The Pastor's Bookshelf
Why Reading Matters for Ministry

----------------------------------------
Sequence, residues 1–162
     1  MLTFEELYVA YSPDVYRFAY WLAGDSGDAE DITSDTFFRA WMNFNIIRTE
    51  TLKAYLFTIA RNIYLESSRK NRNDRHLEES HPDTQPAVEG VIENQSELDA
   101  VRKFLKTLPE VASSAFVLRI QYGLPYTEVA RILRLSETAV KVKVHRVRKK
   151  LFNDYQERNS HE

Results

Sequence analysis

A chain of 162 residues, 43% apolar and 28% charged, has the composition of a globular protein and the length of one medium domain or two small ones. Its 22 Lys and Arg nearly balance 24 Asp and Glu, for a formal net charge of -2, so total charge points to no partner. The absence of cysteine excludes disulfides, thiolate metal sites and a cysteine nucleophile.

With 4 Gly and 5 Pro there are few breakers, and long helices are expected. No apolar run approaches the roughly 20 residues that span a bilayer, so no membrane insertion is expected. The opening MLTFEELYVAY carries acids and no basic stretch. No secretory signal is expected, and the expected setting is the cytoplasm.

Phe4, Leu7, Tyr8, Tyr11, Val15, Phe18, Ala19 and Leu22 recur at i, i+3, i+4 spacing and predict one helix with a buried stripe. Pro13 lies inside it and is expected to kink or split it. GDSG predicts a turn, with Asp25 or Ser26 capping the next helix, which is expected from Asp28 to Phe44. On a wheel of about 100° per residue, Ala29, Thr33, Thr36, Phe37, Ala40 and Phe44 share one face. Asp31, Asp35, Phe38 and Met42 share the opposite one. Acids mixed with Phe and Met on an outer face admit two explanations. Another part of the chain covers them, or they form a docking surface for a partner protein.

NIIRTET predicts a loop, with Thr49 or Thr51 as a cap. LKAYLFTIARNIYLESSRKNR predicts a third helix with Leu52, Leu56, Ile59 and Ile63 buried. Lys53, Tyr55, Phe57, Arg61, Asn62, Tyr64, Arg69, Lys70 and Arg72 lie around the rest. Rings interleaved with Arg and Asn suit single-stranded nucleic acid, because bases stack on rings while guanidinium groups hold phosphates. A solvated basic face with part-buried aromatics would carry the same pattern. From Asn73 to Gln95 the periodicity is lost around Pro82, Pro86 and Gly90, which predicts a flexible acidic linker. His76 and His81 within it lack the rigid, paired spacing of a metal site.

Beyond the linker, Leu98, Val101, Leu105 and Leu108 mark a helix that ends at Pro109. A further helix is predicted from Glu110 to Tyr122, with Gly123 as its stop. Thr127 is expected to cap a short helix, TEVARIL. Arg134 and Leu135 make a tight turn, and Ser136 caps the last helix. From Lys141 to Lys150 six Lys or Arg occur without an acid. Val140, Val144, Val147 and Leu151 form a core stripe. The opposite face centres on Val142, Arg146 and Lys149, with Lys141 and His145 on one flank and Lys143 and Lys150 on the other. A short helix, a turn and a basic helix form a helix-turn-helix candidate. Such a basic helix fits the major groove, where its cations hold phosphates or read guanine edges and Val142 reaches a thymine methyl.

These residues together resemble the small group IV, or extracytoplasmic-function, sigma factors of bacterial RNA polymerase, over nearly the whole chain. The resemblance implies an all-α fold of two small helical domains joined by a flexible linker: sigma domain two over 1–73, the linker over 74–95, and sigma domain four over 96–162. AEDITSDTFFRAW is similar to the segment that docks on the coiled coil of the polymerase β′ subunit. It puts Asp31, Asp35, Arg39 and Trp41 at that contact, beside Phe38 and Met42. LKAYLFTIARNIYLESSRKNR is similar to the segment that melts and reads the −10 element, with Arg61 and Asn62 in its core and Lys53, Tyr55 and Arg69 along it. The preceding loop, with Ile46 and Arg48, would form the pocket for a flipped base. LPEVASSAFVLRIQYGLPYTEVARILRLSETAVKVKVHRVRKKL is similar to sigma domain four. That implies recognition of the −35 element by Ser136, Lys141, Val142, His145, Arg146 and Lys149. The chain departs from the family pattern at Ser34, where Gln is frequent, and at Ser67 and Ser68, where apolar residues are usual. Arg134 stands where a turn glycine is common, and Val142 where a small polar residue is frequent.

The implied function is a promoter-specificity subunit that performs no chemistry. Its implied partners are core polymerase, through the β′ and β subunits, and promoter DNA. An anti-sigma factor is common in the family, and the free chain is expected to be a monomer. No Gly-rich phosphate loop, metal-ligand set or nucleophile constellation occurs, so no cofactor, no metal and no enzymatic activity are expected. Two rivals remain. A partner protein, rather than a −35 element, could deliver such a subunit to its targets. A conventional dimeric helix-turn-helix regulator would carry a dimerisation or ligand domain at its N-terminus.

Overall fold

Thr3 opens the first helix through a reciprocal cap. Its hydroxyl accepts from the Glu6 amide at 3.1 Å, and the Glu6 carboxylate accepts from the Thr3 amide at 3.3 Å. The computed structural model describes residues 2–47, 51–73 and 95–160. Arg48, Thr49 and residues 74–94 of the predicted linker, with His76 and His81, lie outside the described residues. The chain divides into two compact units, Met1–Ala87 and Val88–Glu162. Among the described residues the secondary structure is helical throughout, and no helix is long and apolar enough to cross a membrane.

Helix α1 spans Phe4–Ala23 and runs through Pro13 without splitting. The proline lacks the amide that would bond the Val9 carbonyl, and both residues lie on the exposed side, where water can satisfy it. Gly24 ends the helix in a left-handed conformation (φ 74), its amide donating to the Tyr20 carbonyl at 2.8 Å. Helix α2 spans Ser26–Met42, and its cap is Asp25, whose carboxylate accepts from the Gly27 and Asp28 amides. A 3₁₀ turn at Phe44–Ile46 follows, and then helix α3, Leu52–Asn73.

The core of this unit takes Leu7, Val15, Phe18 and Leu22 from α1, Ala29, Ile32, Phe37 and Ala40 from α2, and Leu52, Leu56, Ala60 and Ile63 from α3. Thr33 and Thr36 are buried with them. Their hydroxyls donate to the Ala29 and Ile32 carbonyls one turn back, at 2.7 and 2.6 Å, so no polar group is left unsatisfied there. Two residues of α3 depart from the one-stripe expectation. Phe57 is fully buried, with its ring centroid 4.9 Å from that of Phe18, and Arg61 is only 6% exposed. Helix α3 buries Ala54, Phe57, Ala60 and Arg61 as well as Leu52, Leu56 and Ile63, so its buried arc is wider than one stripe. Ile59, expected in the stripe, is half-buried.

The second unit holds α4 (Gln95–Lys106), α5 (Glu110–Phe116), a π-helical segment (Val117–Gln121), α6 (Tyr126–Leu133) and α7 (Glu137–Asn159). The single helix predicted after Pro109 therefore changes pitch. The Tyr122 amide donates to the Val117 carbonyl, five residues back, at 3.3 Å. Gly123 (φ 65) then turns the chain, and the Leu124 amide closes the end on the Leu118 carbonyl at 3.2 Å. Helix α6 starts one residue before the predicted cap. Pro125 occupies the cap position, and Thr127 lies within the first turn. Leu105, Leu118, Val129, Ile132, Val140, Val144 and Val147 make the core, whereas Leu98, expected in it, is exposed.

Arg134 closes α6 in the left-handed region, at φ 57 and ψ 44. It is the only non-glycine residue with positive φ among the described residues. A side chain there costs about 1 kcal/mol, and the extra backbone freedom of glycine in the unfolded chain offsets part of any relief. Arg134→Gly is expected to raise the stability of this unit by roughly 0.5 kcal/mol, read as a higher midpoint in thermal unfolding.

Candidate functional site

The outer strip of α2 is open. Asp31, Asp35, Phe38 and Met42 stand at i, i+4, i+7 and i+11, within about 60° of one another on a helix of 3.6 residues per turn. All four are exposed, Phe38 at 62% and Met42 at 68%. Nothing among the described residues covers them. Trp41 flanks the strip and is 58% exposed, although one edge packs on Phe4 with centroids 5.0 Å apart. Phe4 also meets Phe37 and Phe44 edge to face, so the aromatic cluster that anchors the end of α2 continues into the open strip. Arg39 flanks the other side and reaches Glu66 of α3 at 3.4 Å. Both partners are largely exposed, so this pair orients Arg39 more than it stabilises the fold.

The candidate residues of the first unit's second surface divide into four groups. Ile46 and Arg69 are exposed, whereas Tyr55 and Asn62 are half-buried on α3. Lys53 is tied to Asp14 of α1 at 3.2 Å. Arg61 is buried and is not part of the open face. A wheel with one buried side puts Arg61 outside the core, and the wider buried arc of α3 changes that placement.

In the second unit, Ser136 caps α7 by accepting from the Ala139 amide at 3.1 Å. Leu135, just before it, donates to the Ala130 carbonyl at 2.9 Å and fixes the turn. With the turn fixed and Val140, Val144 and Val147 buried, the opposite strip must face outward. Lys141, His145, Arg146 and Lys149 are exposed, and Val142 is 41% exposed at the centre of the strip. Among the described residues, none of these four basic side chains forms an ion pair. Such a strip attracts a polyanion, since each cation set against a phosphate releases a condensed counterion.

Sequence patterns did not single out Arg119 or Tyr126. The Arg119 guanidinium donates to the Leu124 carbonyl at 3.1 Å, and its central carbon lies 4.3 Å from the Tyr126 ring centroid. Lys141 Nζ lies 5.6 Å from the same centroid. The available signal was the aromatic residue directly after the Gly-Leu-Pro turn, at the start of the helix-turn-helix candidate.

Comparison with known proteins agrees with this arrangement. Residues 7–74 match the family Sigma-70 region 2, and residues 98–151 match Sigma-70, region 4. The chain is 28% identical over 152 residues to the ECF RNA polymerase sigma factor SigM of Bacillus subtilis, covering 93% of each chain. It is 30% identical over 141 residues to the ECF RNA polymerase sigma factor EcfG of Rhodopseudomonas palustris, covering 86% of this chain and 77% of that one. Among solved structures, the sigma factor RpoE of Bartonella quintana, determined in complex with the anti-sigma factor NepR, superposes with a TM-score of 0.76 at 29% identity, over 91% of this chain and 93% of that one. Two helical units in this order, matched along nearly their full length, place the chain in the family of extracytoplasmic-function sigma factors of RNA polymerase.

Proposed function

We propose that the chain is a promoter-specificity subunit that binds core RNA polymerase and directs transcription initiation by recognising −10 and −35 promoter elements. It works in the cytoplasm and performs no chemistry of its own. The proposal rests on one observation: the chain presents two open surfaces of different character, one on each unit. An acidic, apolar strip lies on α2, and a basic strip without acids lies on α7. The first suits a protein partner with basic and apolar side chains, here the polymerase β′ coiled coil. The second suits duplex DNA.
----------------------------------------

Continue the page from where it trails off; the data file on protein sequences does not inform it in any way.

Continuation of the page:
It's time to give pastors permission to read books beside the Bible--even fiction. Six months into his first senior pastorate, Austin Carty sat in his office reading--not the Bible, not a commentary, not a theological tract, but a novel by Fyodor Dostoevsky. As the minutes turned to hours, while he sat engrossed in this book, he noticed something: he began feeling uneasy. And then anxious. And then guilty. What would someone think if they opened the door and caught him reading fiction? For busy pastors (is there any other kind?), time spent reading feels hard to justify, especially when it's not for sermon prep. But what if reading felt less like a luxury and more like a vocational responsibility--a spiritual practice that bore fruit in every aspect of ministry, from preaching to pastoral care to church leadership? Austin Carty believes that this is exactly how pastors ought to think about reading. The Pastor's Bookshelf shows how worthwhile reading is more about formation than information and how, through reading, a pastor becomes a fuller, more enriched human being with a deeper capacity for wisdom and love, better equipped to understand and work for God's kingdom.